I was watching a ted talk a while ago and speaker was an editor who was talking about the writing process. And he said the reason why most people suck at writing is because they have boring lives. So in order to write well, you need to have some kind of interesting life experience that you can draw from. This does not have to be as crazy as you worked as some undercover narcotics officer who did drug busts while pretending to be a handicap but it should be interesting. Perhaps, you're a gay muslim and you fear of coming out because you didn't want to be disowned by your parents and shunned by your community, maybe you were bullied as a teenager and you had to find a way to overcome the situation by becoming stronger, maybe you were in a really bad break up, Maybe you have claustrophobia and there was a time where you got stuck in an elevator, etc. In order to create great writing, you have to really open yourself up. Afterwards, you can add additional stuff that can make a story look cool.

2.) Theory

Basically, just read books on this, there are general principles like the three act story structure that work well.

3.) Master studies

Watch movies/read books but don't just watch/read it for fun, analyze it, pick it apart, figure out why you like it. Don't just limit your "master" studies to content you like, also read/watch things you dislike so you can avoid that in your own writing.

 

Postby gricc » Thu Jul 06, 2017 8:41 am

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thank you guys so much, I'll definitely make something really from my heart and something that will actually mean something to me. Good luck on your guys' end as well!
The Sinix Clone

 

Postby warm-wax » Thu Jul 06, 2017 4:12 pm

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  warm-wax
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http://www.digitalwebbing.com/forums/showthread.php?t=168644 this community is dedicated to writing short comic scripts, so they'll have some advice and examples. You can also submit your script or parts of it to be reviewed!

As far as comics go, you really want to look at short stories. I usually use myths, they're variable, but some of them are short and very satisfying. (Also if you ever wanna use the plot verbatem you can cause its in public domain! :P ) For myths, read the [colour] fairy books, (eg pink fairy book, blue fairy book) they're in public domain and collect fables/myths from around the world. I know they're probably not to your taste, but people can draw inspiration from anything, and you should, as a writer, try to broaden your pool of reading. Neil gaiman also has some decent short stories, and there are a fair amount of anthologies around, collected as a theme. Bad stories are just as useful to read as good ones--if you can figure out why they're bad then you can learn from them.

You should also familiorise yourself with actual comics. I don't like spending money so I tend to find a place in the comic store where the clerk can't see me and I read a bunch of issues :P I think if you like samurai jack you could read the samurai jack comics? Hellboy, I'd reccomend, as well as indie comics. Just reading Marvel gives you a small pool of artstyles and layout designs, and while they're good they tend to be quite stale sometimes.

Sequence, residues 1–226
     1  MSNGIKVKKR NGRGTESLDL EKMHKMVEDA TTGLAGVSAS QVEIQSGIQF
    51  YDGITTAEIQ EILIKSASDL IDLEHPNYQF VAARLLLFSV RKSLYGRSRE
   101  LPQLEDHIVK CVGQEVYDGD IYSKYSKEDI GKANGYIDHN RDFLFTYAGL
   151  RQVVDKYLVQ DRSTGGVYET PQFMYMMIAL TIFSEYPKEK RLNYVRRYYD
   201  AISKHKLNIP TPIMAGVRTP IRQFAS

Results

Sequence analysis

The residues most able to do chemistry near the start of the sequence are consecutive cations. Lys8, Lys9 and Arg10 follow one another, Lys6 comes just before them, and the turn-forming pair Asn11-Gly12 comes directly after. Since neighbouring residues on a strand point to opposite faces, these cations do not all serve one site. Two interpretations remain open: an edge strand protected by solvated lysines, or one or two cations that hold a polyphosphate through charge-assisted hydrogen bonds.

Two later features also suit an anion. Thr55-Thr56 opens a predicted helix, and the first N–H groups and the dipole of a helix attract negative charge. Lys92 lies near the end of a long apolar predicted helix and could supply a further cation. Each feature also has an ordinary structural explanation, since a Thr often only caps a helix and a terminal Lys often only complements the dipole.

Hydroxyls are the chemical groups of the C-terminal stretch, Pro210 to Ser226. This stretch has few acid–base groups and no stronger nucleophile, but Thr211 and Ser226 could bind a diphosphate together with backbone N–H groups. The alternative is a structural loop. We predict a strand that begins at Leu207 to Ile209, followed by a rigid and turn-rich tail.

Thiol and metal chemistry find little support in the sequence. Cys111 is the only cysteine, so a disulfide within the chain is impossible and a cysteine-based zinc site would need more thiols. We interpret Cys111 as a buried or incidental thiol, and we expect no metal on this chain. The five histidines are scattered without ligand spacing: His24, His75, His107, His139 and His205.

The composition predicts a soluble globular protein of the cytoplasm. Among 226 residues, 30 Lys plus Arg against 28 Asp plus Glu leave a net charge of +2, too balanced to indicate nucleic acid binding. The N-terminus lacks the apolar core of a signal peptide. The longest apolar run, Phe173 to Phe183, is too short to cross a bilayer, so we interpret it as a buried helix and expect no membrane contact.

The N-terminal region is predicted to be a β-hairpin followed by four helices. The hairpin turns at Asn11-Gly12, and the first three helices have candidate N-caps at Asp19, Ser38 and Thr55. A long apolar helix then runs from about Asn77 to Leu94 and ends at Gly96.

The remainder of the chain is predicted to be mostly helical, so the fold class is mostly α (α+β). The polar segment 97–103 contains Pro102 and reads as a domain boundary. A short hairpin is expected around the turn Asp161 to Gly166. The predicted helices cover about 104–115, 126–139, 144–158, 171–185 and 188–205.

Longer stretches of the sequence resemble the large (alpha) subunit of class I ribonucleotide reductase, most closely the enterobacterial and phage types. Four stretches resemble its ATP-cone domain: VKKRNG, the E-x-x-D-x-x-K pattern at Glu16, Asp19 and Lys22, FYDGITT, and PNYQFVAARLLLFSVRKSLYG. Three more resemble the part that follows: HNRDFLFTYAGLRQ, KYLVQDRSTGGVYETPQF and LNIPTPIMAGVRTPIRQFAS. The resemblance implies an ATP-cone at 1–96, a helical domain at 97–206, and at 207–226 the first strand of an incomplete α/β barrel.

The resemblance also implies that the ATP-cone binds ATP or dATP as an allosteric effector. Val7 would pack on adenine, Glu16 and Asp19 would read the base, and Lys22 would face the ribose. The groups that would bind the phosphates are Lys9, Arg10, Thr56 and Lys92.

Make sure to make a couple drafts! Don't expect the first one to be perfect. Maybe team up with an artist, they'll tell you if the amount of panels/dialouge is getting excessive, and they might storyboard a bit for you. no guarentee.

anyway the main point is to have fun :)

 

Postby RukuKabe » Sat Jul 15, 2017 4:03 pm

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Location: America

Character.

Think of the plot as like a train track. It's there, it exists. . . but it's not doing anything of it's own accord. The train is the characters. The plot pulls them through situations and valleys and up mountains and who the hell knows what else.

The point being: don't just take a guy with a name, a design and a quick little bio and try and build a story with him. Develop your characters, do turn arounds, write bios (looooong) bios. There's no merit in just jumping into the meat of the story if you don't even know what sort of meat you're dealing with.

I've got this lovely little book called Creating Short Fiction by Damon Knight, and so much of it applies to writing in general as well. Here's a little excerpt:

"What usually happens when a writer deliberately begins with a theme is that it distorts everything else. For one thing, it becomes painfully obvious that the characters are not self-employed but are working for the author, doing what she tells them to.
Your characters are your employees, and your reader knows that, but if you are adroit and lucky you can make him forget that temporarily. The last thing you want to do is rub his nose in it"

Take that as you will. Point being, a story is only as good as its characters. Work on those, and as long as you've got at least a general idea of what the story is, the plot will come along.
“何か良いことでもあったのかい。”
−忍野メメ、傷物語